State symbols of France have a rich history, the same as the republic itself. Over the years of its existence, it has experienced many intrigues, unrest and revolutions. The invincible French spirit and the struggle for freedom are reflected on the flag and coat of arms of the country.
The modern flag of the French Republic is a 2: 3 panel with three vertical equal stripes: blue, white and red. It acquired this form after the Great French Revolution of 1789. The main events of the coup then unfolded in the heart of the state, under the Parisian blue-red banner. On July 17, 1789, after the storming of the Bastille, Louis XVI arrived from Versailles to Paris. When the new mayor of the city gave the king a red and blue cockade - the symbol of the popular militia of Paris, the king fastened it on his hat, next to the white cockade. In October of the same year, the republic's flag was officially approved - a horizontal blue-white-red tricolor. In this form, it has survived to this day.
Some historians interpret the colors of the French flag as an illustration of the world famous revolutionary slogan "Liberty, Equality, Fraternity." Others see it as a combination of the colors of three different banners: blue - the Christian preacher Saint Martin, white - Jeanne d'Arc and red - the famous Oriflamme - the sacred military banner of the French kings.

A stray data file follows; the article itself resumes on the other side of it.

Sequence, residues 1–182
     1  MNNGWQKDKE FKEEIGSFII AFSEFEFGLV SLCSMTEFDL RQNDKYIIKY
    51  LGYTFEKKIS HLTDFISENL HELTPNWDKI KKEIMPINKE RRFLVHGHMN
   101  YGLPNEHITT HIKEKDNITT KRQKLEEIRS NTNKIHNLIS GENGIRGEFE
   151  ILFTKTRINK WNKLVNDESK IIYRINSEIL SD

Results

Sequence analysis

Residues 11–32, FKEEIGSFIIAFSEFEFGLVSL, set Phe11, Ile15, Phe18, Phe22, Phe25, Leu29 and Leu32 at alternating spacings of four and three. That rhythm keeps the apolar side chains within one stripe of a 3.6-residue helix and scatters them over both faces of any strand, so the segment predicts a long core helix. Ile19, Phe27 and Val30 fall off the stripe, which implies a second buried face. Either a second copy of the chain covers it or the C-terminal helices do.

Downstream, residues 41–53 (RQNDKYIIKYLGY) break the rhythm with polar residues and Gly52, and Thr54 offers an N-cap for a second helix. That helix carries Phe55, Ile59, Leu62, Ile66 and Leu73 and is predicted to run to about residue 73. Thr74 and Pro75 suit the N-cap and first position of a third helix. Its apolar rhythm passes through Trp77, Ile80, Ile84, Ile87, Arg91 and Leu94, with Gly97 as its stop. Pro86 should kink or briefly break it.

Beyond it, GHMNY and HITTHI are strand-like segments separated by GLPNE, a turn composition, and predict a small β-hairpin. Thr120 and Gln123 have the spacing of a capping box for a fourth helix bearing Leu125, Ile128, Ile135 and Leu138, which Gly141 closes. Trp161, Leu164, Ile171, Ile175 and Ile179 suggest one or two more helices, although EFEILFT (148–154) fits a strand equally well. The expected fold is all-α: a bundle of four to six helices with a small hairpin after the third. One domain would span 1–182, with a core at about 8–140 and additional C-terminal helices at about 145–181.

The history of the coat of arms of France is interesting and confusing. The modern coat of arms is the ninth in a row. It was created in the 50s of the last century, but has not yet received the status of an official national symbol.
The first French coat of arms was a shield, on a blue background of which were depicted many golden heraldic lilies - stylized drawings of a yellow iris flower. The fleur-de-lis is a symbol of the Blessed Virgin. It was this coat of arms that formed the basis for all subsequent ones. Then the ruling dynasties added certain colors to it, changed the number of lilies and supplemented the symbolism with family elements.
On the modern coat of arms in the center there is an image of a shield (pelta) with a lion's head, on which the Latin letters "RF" are engraved, meaning "French Republic". Oak and olive branches are depicted around the pelta, which symbolize wisdom and peace. The basis of the coat of arms is the fascia - a bundle of wooden rods with an ax stuck in the middle, tied with a red leather belt. In modern heraldry, fascia stands for union, strength in unity, and justice.
Despite its deep meaning, the modern French coat of arms never became a unifying national symbol. Symbols such as the Marseillaise, Marianne and the Phrygian cap, Rooster, etc. are still popular here.